Food for Thought

by Eric Hamilton

During a recent conversation I had with my father, the two of us speculated about the trend that’s occurred throughout this millennium, of disturbed individuals walking into public places (particularly schools) and randomly shooting people. Our conversation was inspired in large part by the recent tragic story of a young woman who journeyed to Colorado in an attempt to reenact the Columbine school-massacre on its twentieth anniversary. When she was prevented from doing so, the eighteen-year-old woman (a Florida high school student) committed suicide.

The obvious ‘liberal’ answer to this mystery is that it is too easy for people to buy guns—and while the public’s access to military-grade weapons does seem to be a real problem, I think the question of random shootings is far more complicated than guns.

One obvious ‘conservative’ answer to the problem is that ‘there are too many violent video-games’. And while such violent games are also a problem, I don’t think they come close to solving the mystery.

One popular answer, cited by both liberals and conservatives alike, is that our society isn’t doing enough to ‘manage’ its mentally ill. And I find this answer alarming, due to the fact that most of us (myself included) are ‘mentally ill’ in one way or another. The idea of the ‘psychologically normal’ person is, after all, a myth. What’s more, the idea that ‘normal people’ need to be protected from the mentally ill (who typically aren’t violent) is misleading and stigmatizes mental illness. Worse, such negative attitudes about mental illness often prevent genuinely disturbed people from seeking help. And of course, there is the basic truth that mental illness isn’t new—yet mass-shootings are.

So what’s causing this relatively new, violent trend?

My father suggested that random shootings are expressions of despair, and this is certainly true. Yet what is the root of this despair? And what does it say about the society at large?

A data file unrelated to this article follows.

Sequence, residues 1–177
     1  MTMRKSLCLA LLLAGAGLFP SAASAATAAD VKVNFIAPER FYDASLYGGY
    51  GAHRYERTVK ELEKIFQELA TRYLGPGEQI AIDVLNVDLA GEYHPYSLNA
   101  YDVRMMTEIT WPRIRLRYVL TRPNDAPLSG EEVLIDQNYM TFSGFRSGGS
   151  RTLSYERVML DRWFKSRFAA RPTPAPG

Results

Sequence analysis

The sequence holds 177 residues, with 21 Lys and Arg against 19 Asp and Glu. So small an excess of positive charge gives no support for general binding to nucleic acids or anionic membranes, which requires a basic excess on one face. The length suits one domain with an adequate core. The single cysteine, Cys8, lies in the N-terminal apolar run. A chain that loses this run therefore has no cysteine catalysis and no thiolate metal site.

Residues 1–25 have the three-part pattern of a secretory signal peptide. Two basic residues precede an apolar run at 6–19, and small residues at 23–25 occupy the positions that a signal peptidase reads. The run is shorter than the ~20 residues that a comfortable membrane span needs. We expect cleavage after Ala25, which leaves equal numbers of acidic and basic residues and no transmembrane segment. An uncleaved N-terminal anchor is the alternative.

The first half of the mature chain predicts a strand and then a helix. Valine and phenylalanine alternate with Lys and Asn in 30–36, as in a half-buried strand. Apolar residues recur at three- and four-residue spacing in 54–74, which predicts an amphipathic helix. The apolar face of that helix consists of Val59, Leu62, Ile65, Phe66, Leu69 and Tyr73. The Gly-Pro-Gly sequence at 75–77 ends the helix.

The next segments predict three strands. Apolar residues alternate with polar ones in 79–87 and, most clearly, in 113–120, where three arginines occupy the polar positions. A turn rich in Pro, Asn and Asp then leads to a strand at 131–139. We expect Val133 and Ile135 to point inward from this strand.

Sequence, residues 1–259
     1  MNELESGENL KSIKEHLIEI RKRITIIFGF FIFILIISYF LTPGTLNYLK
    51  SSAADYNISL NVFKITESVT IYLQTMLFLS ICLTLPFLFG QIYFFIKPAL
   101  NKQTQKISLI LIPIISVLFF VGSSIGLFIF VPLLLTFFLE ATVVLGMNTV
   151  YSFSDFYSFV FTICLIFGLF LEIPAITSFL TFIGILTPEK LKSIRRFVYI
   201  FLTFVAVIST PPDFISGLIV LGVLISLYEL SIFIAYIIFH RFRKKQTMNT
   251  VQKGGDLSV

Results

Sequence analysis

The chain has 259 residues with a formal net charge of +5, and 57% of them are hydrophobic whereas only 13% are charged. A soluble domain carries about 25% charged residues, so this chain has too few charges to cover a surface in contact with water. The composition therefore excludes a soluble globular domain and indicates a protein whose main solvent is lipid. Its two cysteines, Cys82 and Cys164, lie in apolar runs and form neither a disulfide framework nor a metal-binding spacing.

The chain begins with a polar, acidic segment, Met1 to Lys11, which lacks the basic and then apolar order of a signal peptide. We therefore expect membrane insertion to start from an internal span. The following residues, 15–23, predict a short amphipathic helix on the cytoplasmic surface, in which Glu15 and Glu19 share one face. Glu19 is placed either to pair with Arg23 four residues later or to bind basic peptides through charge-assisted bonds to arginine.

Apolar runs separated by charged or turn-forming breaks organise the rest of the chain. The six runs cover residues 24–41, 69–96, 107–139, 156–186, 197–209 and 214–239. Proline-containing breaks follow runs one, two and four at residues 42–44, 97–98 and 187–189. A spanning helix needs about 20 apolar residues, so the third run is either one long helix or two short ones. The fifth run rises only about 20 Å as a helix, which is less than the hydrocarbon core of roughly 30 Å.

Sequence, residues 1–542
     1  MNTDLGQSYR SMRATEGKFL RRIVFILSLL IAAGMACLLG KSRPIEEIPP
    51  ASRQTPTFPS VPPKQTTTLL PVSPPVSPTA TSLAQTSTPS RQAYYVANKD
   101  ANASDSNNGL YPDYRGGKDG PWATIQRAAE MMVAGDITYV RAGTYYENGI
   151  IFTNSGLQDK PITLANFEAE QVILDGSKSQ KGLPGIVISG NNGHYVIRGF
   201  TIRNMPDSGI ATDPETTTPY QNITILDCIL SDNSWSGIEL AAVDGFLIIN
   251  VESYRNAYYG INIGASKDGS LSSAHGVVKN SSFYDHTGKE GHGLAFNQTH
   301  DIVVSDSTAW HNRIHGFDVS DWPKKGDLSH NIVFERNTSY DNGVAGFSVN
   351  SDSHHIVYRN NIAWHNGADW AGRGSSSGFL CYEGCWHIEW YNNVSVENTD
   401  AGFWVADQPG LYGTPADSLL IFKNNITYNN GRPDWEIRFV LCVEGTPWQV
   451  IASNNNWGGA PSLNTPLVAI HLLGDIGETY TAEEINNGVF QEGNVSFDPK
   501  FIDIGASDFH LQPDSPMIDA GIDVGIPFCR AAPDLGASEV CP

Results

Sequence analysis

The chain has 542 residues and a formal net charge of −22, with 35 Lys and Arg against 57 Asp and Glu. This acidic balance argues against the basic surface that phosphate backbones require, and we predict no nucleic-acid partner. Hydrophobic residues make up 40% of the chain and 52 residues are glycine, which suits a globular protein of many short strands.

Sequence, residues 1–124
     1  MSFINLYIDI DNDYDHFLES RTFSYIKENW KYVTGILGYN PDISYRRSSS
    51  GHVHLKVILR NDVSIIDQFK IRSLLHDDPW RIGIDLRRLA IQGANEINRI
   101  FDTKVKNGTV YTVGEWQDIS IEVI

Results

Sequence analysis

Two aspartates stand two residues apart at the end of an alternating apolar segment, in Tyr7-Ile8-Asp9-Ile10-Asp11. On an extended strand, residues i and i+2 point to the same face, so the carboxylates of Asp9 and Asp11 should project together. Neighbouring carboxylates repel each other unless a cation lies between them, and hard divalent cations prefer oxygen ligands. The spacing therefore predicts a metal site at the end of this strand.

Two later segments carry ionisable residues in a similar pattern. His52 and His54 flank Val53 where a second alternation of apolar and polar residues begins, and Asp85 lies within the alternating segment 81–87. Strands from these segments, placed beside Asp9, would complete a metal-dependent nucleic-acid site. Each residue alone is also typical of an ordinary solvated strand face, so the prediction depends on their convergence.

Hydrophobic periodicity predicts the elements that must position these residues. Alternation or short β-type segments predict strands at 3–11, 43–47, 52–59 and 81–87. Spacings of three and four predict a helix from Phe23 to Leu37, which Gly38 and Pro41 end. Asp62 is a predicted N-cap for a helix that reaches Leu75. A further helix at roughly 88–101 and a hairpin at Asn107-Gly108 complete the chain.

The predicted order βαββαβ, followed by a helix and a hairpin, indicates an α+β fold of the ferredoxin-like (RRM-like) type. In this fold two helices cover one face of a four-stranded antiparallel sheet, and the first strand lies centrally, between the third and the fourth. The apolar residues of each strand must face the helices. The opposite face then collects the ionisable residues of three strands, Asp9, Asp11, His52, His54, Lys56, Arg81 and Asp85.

It would be far, far too easy to attribute the despair of school-shooters to current events or to the current political climate (to Donald Trump or Speaker Pelosi, depending on your party affiliation). Similarly, it would be all too easy to invoke popular music or video-games or the decline of organized religion (particularly among the young), but really, I think that something far subtler is going on.

I would say that random violence is the result of a culture that combines self-consciousness with isolation.

The 24-hour news cycle of the ‘90’s has been sped up—first by the internet, then by social media. We no longer wait for ‘breaking news’—we break our own news on Facebook, Twitter and Instagram, sometimes tweeting in-depth ‘reports’ about what we’ve had for lunch. And in some ways, this makes us feel more connected to each other—but maybe not ‘connected’ in the right ways.

I think Facebook is a little bit like voyeurism…and exhibitionism. Like leafing through a stranger’s photo-album (remember those?), or leaving your curtains open so that your neighbors can watch while you change clothes.

We seem to be living in a screen-based world…and the screens are getting smaller, so that now we can watch TV on our phones in the supermarket, rather than at home in our living rooms. We become addicted to (and hyperaware of) what’s going on in the electronic world, and less aware of each other in the real world, and this can lead to loneliness…and loneliness can lead to irrational rage.

Keep in mind—I’m not condemning people who use smart-phones or Facebook, and I, myself, love the internet. There are definite benefits to all the new innovations and most people are not warped by the new media environment. However, due to this ‘information revolution’, social interaction has changed radically in a very short time, and I’m afraid that outbreaks of random violence may be part of the subsequent ‘growing-pains’.